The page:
I sit, and my family moves around the house, carrying on with a normal day. Children play, my husband bustles around cleaning, picking up toys. Friends come and go, family members chatter on the phone. Children are getting ready for school, a trip to the park, or horseback riding lessons. All the while, I sit.
It is a feeling like no other, this inability to get up and take part in my life. This experience of being an observer, rather than an active participant. My mind wants desperately to get up, to join in, to be there instead of here. My mind urges me, "Get up! You can do it! Let's go! Don't miss out!" But my body doesn't listen. My body has a mind of its own now.
MS fatigue has crippled me at times. This is not what I imagined when I was first diagnosed. I imagined that my mind would be the same, but I would lose specific functions here and there. I pictured losing the strength in an arm, for example...but retaining all of my other functions. I imagined feeling a weakened leg on occasion, maybe some blurry vision, but I would basically be the same person. I have discovered, as I am sure you have, that fatigue can be the biggest crippler of all.
My life feels like a movie at certain moments. It is as if I am sitting in a theater seat, watching images on a screen. The only difference is, the scenes passing by in front of me are my life. Laughing, running, spinning, jumping children fly past me, friends call, invitations are declined. And my internal voices do battle. The mind vs. the body: The epic saga continues.
How do we cope with MS fatigue? Are there any good answers? Often, we ask ourselves whether we are just being lazy, or could we be clinically depressed? The answer is typically, neither! 80% of MS patients suffer from fatigue, and it isn't your average, everyday exhaustion. It is specific to MS, and incredibly debilitating.
According to the National MS Society:
"In addition to these sources of fatigue, there is another kind of fatigue — referred to as lassitude — that is unique to people with MS. Researchers are beginning to outline the characteristics of this so-called "MS fatigue" that make it different from fatigue experienced by persons without MS."
Generally occurs on a daily basis
May occur early in the morning, even after a restful night’s sleep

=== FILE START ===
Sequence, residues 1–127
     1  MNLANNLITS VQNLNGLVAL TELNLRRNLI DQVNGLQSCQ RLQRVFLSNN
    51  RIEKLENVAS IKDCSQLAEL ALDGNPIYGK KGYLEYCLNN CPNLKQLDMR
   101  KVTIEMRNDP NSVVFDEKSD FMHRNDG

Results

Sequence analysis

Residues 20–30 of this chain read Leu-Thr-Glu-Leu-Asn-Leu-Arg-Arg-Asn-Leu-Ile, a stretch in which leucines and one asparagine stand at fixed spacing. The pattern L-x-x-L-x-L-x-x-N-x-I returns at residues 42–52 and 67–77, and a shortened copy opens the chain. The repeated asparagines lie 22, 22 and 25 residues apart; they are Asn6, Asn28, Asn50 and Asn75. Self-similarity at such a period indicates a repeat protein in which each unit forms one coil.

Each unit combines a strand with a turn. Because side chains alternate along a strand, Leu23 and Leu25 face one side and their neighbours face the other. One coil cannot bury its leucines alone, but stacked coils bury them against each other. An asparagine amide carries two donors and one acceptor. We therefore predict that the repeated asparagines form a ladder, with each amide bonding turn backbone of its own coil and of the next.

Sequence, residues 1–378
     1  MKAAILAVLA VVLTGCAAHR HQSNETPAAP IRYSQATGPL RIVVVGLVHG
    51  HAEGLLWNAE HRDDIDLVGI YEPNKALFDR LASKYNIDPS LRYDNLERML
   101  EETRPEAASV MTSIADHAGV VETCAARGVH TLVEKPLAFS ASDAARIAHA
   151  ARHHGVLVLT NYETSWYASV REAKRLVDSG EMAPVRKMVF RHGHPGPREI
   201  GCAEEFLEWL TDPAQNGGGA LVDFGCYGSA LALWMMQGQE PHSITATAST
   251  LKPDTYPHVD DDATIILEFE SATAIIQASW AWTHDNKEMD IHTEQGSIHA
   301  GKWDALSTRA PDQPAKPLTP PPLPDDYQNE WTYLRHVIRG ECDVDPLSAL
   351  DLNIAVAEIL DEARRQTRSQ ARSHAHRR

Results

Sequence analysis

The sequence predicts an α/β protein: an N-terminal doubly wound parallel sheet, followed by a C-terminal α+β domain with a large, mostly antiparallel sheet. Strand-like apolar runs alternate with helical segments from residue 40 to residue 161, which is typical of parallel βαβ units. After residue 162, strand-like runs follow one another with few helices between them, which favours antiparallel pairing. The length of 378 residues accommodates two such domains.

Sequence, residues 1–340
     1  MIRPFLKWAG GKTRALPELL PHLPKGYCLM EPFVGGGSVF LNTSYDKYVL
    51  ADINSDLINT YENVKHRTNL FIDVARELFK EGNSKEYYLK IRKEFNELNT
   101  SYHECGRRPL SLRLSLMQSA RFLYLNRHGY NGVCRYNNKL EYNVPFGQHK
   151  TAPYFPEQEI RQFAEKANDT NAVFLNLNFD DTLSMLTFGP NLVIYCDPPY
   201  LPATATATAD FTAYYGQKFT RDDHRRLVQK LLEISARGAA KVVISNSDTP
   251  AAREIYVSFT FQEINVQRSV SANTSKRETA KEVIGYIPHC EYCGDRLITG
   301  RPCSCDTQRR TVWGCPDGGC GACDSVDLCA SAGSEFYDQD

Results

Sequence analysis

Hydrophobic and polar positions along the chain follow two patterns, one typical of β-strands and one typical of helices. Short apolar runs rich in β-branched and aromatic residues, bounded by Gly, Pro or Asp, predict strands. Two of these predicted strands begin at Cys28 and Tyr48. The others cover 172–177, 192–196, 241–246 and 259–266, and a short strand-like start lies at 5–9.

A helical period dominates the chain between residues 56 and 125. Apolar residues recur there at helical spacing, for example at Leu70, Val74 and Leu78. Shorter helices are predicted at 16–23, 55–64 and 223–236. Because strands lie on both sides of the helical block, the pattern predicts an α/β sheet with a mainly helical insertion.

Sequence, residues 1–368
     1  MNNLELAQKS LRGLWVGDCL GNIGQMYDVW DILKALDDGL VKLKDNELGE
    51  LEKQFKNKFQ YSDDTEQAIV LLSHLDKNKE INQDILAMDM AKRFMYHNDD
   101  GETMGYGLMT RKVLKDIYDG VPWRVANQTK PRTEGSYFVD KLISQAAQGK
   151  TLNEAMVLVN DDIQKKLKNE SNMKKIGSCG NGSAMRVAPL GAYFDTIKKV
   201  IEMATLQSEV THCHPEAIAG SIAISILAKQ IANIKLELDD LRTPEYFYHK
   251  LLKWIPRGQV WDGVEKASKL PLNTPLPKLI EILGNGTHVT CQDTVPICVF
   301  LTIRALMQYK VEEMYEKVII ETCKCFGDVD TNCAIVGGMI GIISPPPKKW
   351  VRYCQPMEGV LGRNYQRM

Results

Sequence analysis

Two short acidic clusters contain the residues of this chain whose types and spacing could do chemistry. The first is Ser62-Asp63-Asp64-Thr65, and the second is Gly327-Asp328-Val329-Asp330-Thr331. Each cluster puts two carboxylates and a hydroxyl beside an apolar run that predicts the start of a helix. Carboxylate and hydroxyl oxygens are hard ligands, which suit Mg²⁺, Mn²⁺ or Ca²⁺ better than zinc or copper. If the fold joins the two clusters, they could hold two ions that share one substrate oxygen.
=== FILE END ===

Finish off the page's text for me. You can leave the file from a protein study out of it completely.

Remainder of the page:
Tends to worsen as the day progresses
Tends to be aggravated by heat and humidity
Comes on easily and suddenly
Is generally more severe than normal fatigue
Is more likely to interfere with daily responsibilities
MS-related fatigue does not appear to be directly correlated with either depression or the degree of physical impairment.
What can we do to manage this fatigue? First and foremost, see your provider. Make sure you aren't missing a treatable reason for your fatigue, such as a thyroid disorder, sleep apnea, or anemia. Once those causes are ruled out, our options (as always) are quite limited. Physical therapy might be helpful. Sleep regulation is incredibly important, and should be addressed first. Stress reduction and relaxation techniques may be helpful. Avoiding extreme heat is a must, as heat may dramatically worsen fatigue. In addition, several medications are approved for fatigue management. Provigil and Symmetrel are both FDA approved for treating fatigue.
Most importantly, make sure you are taking care of yourself in all the classic ways. Adequate hydration, nutrition, and rest are essential parts of your daily routine as an MS patient. Avoiding excessive caffeine and alcohol, avoiding smoking, and getting as much activity as possible are all effective in combatting MS fatigue. Though it may seem counter-intuitive, getting some degree of physical activity can actually increase your energy, even if it is the last thing on Earth you feel like doing. Getting up and off that couch and taking in some sunlight can elevate your mood.
Consider inviting friends to visit you at your home, if you don't have the strength to go visit them. Being completely honest is essential. Let your friends and family know the degree of your struggle with fatigue, and give them the opportunity to understand. We often jump to the conclusion that "no one gets it. No one will ever understand." Maybe they will if you give them a chance. Educating our family and friends about our illness is our responsibility, as patients. We should offer as much advice and information as possible to those in our circle. They will likely be happy to help if they can!